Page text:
Here, school teachers, nurses, buy a pot or a picture – that’s wonderful – that’s very exciting.”

But there is also what Irwin calls the “the poisonous, pretentious part of the marketplace. It is where a lot of the money is; it’s not where the fun is. The fun is putting somebody in touch with something that excites them.”

His youngest client is a boy of 14 who bought two Peter Booth Drawings from him. He’s the son of a client and has been visiting galleries with his parents since he was about 10. He spent the cheque he received for his 14th birthday and his bar mitzvah on the two Booth drawings.

It’s not such an unusual story. Irwin has been in business long enough to be building a second generation of collectors who are the children of clients – a new sort of tradition that he has created in his own sphere.

He makes no claim to being a collector himself; he’s really the owner of a bower in which there is a collection which includes Harding, Freud, Picasso, Marburg, Booth and Williams and some New Guinean and African sculpture. “But not often as big and grand as the pictures my clients have because, by definition, my clients have to be richer than I am.”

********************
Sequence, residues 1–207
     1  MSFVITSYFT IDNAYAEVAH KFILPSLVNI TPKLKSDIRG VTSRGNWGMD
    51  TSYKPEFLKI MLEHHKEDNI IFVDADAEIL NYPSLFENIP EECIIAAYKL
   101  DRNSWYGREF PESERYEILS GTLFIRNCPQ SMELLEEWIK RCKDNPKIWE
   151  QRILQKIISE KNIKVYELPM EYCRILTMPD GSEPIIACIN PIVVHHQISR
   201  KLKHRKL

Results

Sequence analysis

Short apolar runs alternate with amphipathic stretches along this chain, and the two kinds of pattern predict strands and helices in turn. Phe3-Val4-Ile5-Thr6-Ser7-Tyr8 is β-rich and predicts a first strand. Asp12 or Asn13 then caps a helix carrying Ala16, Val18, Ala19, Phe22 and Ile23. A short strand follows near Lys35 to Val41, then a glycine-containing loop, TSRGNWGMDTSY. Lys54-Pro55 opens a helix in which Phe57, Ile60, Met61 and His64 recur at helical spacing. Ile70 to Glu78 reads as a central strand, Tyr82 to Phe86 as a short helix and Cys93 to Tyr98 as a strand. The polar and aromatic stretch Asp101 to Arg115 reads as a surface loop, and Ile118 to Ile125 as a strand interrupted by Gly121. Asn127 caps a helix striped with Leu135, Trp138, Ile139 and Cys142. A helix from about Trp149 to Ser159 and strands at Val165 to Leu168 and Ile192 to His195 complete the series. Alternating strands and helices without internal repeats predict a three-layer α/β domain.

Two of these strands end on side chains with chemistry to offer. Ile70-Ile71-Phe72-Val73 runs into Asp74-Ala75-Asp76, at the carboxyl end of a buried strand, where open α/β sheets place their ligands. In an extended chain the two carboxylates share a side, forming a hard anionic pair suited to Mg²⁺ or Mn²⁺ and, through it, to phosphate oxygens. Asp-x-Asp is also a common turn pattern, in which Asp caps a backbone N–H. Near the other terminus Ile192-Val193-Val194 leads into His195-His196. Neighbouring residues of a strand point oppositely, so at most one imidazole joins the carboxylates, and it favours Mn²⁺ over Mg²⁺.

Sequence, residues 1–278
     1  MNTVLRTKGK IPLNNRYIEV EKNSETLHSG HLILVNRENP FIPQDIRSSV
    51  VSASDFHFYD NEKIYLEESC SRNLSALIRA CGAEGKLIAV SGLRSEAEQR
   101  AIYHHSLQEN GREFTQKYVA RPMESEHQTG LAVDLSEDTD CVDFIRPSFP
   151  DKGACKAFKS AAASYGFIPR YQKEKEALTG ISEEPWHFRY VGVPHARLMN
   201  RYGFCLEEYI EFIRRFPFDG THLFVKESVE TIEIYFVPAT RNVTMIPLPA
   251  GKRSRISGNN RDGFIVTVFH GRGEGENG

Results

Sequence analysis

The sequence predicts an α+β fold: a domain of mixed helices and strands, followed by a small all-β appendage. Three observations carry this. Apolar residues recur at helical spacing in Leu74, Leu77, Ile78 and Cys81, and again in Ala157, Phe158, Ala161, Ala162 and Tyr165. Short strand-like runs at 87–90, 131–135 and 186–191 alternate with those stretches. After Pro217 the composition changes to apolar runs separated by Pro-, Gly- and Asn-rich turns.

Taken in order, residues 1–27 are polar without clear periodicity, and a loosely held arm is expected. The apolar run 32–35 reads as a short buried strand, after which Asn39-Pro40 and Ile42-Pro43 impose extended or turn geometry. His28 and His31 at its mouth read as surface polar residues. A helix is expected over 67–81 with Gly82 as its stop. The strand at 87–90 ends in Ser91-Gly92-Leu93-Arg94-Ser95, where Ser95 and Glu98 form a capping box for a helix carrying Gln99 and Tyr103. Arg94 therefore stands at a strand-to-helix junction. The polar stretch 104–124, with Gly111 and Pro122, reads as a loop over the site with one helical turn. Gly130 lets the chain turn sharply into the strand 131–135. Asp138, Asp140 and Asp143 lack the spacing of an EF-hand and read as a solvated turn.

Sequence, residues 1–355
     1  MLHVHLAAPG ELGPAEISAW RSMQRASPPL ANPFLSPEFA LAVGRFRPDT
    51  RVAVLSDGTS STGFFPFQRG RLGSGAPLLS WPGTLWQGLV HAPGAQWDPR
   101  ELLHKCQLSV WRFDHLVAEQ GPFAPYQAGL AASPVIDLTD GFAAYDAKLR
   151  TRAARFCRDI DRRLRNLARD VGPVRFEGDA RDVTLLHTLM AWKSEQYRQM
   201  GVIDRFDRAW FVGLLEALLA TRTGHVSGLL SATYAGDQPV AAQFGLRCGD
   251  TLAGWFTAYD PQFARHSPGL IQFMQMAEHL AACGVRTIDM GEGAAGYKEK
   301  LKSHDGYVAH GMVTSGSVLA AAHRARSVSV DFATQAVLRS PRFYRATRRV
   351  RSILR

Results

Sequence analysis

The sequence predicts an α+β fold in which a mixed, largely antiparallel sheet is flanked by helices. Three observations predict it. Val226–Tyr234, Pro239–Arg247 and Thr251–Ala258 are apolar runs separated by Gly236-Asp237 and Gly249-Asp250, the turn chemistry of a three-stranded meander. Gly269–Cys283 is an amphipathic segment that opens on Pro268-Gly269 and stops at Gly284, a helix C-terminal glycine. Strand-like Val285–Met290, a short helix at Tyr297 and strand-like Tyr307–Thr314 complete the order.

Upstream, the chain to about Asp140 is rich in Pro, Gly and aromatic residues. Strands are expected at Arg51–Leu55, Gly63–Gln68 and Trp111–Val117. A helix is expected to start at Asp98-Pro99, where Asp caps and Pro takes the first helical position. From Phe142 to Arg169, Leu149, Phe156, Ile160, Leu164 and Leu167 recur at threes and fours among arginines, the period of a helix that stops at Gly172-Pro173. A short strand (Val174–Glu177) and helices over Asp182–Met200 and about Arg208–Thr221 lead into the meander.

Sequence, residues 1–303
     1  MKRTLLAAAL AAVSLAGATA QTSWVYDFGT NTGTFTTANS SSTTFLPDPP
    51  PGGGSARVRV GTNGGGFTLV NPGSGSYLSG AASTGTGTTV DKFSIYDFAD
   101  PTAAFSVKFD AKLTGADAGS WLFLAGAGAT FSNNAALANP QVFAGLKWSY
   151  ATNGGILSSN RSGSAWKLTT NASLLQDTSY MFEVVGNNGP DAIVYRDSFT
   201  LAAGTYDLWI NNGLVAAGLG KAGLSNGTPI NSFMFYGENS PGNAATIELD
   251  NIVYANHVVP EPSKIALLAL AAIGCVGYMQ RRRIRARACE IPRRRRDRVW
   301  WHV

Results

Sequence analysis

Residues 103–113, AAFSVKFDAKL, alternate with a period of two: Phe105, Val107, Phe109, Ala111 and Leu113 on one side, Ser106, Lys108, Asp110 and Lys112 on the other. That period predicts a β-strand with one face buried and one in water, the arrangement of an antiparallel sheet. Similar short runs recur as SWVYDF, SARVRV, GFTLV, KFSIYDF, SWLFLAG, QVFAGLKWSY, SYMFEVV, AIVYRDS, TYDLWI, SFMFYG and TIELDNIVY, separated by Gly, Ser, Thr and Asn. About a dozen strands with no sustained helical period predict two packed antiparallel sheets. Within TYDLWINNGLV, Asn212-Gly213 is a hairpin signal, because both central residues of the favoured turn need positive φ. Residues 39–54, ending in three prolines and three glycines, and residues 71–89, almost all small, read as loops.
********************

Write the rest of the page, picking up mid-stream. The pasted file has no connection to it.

Most of his friends are not arts people. A number of them are journalists and quite left wing, which Irwin says is surprising for him. One or two are politicians, some are musicians, singers, actors.

Some clients have become friends and some friends have become clients but it’s a haphazard pattern.

“I do think one should be safe from feeling you have to buy a picture because you know Rex – that would be awful. But then that’s how a lot of dealers make their living. I don’t go to art parties and I don’t go out a lot but if I did I would be more successful. If you can’t meet Peter Booth or Nicholas Harding or Picasso then meeting their dealer is the next best. Putting yourself about is terribly important but it’s not something I actually do.” What Irwin does make sure he does is run his business as efficiently as possible. It was something he had to learn but clearly places considerable importance on good management.
He has a silent partner who has been with him since he opened and, in the past few years has
offered shares in the business to the two Bretts, Stone and Ballard, who work with him “Something I feel quite strongly about is that the art world can be too precious. What we deal in might be precious but it’s no different from any other commercial world. We have to get to work on time and run our businesses.”